No, I want an acknowledgement that temptation is real, it is physical, it is spiritual, it is deep within our psyche and our soul, and that this is a hard world in which to try to sort it out. And the temptations are different today to those which Christ underwent. The temptation to go with the flow, not to rock the boat, is a real one, but leaves injustice unchallenged and unjust structures intact. The temptation to think small, to think of a narrow world around ourselves which is to be protected at all costs, is a real one in a global world, where our narrow-mindedness can have a negative impact on peoples’ lives around the world. And the biggest temptation of them all is the temptation not to think, not to engage our brains and our energies in analysis, debate, struggling through all sides of an issue until a reasonable and beneficial answer is found. Where are those temptations faced in the wilderness?
They are, of course, all there. Narrow, selfish thinking is the stones into bread temptation, not thinking at all is leaping off the pinnacle of the Temple, and going with the flow is bowing down and worshipping the tempter. We may live in a complex and interconnected world, but our basic humanity is unchanging, merely our context.
What we have to get through to is the effort that Christ had to put in to resist these three temptations. The story reads as if he had the quotations from Deuteronomy at his fingertips, ready to be used as soon as an appropriate temptation came his way. That is not human, that is unrealistic. No. Christ struggled to come up with those answers, as he craved food, as he looked forward to his ministry across the Jewish nation, and as he prepared himself to bring in God’s kingdom of love and mercy. And so we too have to be prepared to struggle, to work hard at countering lazy thinking, at piercing to the heart of an argument or a policy, or an attitude, to be able to put it properly within the context of God’s standards of love and justice and then live appropriately as the children of God – if it is wrong, we fight against it. If it is right, we uphold it gladly and say so publicly.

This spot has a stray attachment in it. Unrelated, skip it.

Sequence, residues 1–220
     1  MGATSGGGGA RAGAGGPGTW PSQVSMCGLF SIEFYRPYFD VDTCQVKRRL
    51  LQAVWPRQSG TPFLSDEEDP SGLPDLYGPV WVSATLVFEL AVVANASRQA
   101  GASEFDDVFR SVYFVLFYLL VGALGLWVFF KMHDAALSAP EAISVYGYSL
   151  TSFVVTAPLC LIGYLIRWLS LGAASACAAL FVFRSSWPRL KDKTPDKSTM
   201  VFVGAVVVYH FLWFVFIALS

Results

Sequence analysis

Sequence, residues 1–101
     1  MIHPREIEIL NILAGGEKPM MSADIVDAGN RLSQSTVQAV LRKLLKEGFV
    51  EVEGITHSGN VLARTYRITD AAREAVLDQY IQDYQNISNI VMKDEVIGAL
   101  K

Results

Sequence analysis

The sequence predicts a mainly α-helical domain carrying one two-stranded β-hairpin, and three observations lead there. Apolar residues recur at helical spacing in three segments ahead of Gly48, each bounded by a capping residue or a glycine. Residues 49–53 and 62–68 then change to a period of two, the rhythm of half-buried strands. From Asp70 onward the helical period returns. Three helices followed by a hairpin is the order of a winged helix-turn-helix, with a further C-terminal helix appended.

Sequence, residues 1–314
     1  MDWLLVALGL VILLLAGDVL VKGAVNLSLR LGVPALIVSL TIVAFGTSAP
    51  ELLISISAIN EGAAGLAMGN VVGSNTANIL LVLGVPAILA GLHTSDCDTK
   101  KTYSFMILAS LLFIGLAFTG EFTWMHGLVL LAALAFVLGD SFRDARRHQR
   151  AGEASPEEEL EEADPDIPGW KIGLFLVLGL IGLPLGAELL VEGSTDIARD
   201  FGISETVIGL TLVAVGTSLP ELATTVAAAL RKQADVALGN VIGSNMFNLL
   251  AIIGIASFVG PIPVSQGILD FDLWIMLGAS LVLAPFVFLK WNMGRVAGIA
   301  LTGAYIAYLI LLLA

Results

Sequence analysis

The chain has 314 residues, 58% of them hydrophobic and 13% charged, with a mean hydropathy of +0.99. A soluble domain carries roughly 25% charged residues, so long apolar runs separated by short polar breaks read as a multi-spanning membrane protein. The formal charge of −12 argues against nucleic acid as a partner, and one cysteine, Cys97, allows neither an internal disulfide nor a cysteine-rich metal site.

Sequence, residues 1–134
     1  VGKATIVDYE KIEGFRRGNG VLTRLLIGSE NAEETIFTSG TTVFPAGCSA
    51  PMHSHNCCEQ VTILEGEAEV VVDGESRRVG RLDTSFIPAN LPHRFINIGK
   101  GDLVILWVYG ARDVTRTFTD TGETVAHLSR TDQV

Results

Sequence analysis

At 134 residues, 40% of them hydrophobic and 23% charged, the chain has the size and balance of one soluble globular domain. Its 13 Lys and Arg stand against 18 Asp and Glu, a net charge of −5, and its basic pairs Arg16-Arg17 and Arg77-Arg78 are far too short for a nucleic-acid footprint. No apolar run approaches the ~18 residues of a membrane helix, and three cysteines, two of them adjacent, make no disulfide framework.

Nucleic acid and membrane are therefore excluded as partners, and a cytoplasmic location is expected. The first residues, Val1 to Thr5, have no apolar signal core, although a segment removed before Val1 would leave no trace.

Some matters are relatively straightforward. The government’s decision to abandon the Dubs amendment on bringing migrant children to the UK is quite simple wrong on any count, under any analysis. False news, lies, black propaganda – call them what you like – are wrong, as we are a holy people who live and speak the truth. The current squeeze on social care is much more complex, and there are many options to be taken into consideration, not least everybody paying a bit more tax to make it happen properly.
But this is not just about politics. This is about personal relationships, the workplace/homelife balance, our interdependence with creation, our wellbeing as individuals, as families and as a community. Lazy thinking, going with the flow, does not improve a deteriorating situation. Thinking small about a big problem does not advance a wider solution. Opting out of debate does not ameliorate that debate, it merely closes it down without resolution. Lent can be a time to get to grips with things, to knuckle down and come to a decision, and to have the boldness to follow it through.
Christ in the wilderness puts in the hard thinking, does the analysis, works through the situation to find the mind of God – and so Scripture comes to his aid as he explains his decisions. May we equally, in our Lenten discipline and in our Lenten spiritual journey of prayer and worship, engage fully with all that life and reality throws at us, work through it, and find the mind of God. And then God’s Holy Spirit will enable us to put into practice everything that she has taught us.